mead

(redirected from Honey wine)
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mead 1

 (mēd)
n.
An alcoholic beverage made from fermented honey and water.

[Middle English mede, mead, from Old English medu, meodu; see medhu- in Indo-European roots.]

mead 2

 (mēd)
n. Archaic
A meadow.

[Middle English mede, from Old English mǣd; see mē- in Indo-European roots.]

mead

(miːd)
n
(Brewing) an alcoholic drink made by fermenting a solution of honey, often with spices added
[Old English meodu; related to Old High German metu, Greek methu, Welsh medd]

mead

(miːd)
n
(Physical Geography) an archaic or poetic word for meadow
[Old English mǣd]

Mead

(miːd)
n
(Placename) Lake Mead a reservoir in NW Arizona and SE Nevada, formed by the Hoover Dam across the Colorado River: one of the largest man-made lakes in the world. Area: 588 sq km (227 sq miles)

Mead

(miːd)
n
(Biography) Margaret. 1901–78, US anthropologist. Her works include Coming of Age in Samoa (1928) and Male and Female (1949)

mead1

(mid)

n.
an alcoholic drink of fermented honey and water.
[before 900; Old English me(o)du; c. Old High German metu, Skt madhu honey, Greek méthy wine]

mead2

(mid)

n. Archaic.
meadow.
[before 1000; Middle English mede, Old English mǣd]

Mead

(mid)

n.
1. Margaret, 1901–78, U.S. anthropologist.
2. Lake, a lake in NW Arizona and SE Nevada, formed by Hoover Dam on the Colorado River. 227 sq. mi. (588 sq. km).
ThesaurusAntonymsRelated WordsSynonymsLegend:
Noun1.mead - United States anthropologist noted for her claims about adolescence and sexual behavior in Polynesian cultures (1901-1978)Mead - United States anthropologist noted for her claims about adolescence and sexual behavior in Polynesian cultures (1901-1978)
2.Mead - United States philosopher of pragmatism (1863-1931)
3.mead - made of fermented honey and watermead - made of fermented honey and water  
honey - a sweet yellow liquid produced by bees
brew, brewage - drink made by steeping and boiling and fermenting rather than distilling
metheglin - spiced or medicated mead
hydromel - honey diluted in water; becomes mead when fermented
Translations
medovina
mjød
mõdu
mjöður
はちみつ酒ミード
mjød
medovina
mjöd

mead

[miːd] Naguamiel f, hidromiel m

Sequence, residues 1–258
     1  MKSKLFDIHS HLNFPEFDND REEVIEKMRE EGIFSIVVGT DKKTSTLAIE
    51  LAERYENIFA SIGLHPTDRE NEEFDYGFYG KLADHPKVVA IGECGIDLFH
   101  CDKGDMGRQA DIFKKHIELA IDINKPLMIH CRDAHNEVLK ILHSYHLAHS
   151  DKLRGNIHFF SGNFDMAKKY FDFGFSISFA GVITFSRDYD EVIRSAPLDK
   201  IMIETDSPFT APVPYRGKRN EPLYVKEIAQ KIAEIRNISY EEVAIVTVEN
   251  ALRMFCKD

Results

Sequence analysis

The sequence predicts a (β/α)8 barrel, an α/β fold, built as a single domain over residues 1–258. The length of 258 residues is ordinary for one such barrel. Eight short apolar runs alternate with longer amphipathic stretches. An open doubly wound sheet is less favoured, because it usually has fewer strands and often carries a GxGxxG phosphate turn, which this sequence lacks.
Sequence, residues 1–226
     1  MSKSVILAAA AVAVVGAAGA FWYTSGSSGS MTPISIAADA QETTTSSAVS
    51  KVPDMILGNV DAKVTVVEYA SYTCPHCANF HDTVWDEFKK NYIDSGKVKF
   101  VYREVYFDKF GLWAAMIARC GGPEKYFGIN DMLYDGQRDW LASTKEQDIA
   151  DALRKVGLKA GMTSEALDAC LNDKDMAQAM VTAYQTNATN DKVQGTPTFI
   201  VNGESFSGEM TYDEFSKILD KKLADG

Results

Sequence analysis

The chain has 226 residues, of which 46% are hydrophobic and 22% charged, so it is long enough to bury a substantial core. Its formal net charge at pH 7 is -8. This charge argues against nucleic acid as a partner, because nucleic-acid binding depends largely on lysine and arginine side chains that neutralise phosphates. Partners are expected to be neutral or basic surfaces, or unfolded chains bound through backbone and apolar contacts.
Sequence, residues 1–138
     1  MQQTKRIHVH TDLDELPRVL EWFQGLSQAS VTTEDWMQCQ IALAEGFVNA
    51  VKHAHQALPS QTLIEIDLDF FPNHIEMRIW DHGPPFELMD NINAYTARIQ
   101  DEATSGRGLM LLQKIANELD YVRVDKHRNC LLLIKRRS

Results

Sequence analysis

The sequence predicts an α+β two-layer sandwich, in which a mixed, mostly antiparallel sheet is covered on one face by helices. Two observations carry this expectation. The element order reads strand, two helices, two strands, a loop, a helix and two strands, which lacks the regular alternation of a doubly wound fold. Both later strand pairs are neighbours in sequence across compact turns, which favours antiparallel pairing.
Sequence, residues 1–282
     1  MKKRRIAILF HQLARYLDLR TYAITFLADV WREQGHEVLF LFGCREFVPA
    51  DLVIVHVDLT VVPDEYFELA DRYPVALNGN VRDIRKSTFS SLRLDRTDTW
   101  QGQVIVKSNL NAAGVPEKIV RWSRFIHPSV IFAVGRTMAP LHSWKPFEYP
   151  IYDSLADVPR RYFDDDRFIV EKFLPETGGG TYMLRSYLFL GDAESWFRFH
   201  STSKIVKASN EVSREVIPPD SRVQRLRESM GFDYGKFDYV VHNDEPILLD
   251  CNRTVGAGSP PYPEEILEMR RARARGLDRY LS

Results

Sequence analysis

mead

[ˈmiːd] nhydromel m

mead

1
n (= drink)Met m

mead

2
n (old, poet)Aue f

mead

1 [miːd] nidromele m

mead

2 [miːd] n (liter) (meadow) → prato
References in periodicals archive ?
After a bit of experimentation, and consulting several books, friends, and the Web, I decided to make a pawpaw "cyser," which is a mead or honey wine made with apple cider.
Includes clear, straightforward instructions to get you started making anything fermentable, from bread to cheese to yogurt to kimchi to miso to injera to honey wine.
This is actually a sweet honey wine which is just one of the products of a research project financially assisted by the Bureau of Agricultural Research, an agency of the Department of Agriculture.
The festival features local vendors - including 100 Mile Bakery, Agrarian Ales, Down to Earth Distributors, Independence Creamery, Herbal Junction, Hop Valley Brewing, McKenzie Mist, Mountain Rose Herbs, Nectar Creek Honey Wine, Singing Dog Vanilla, Take Root Magazine and Wandering Goat - giving samples and providing information about locally produced fermented foods.
Park Restaurant & Bar in Cambridge, MA, hopes to change the negative perceptions of the ancient honey wine with a mead program.
However, the smell of barbecued steaks and honey wine almost make up for it.
I try to swallow the pity that coats my throat like honey wine.
They can be added to a single base honey wine after fermentation or toward the very end to create several different products.
As an artisan vendor at the popular Fall festival 45 miles southwest of Terre Haute,Indiana, New Harmony Soap Company will debut a Red Wine Soap and a Honey Wine Soap.
It is used in cooking but also to produce Tej, the national drink made from fermented honey and commonly known as honey wine.
gave his son a quantity of honey wine, placed him on garbage bags on the kitchen floor, then cut away the foreskin with a razor blade.
Honey wine, also called mead, is thought to be the oldest known fermented beverage in the world.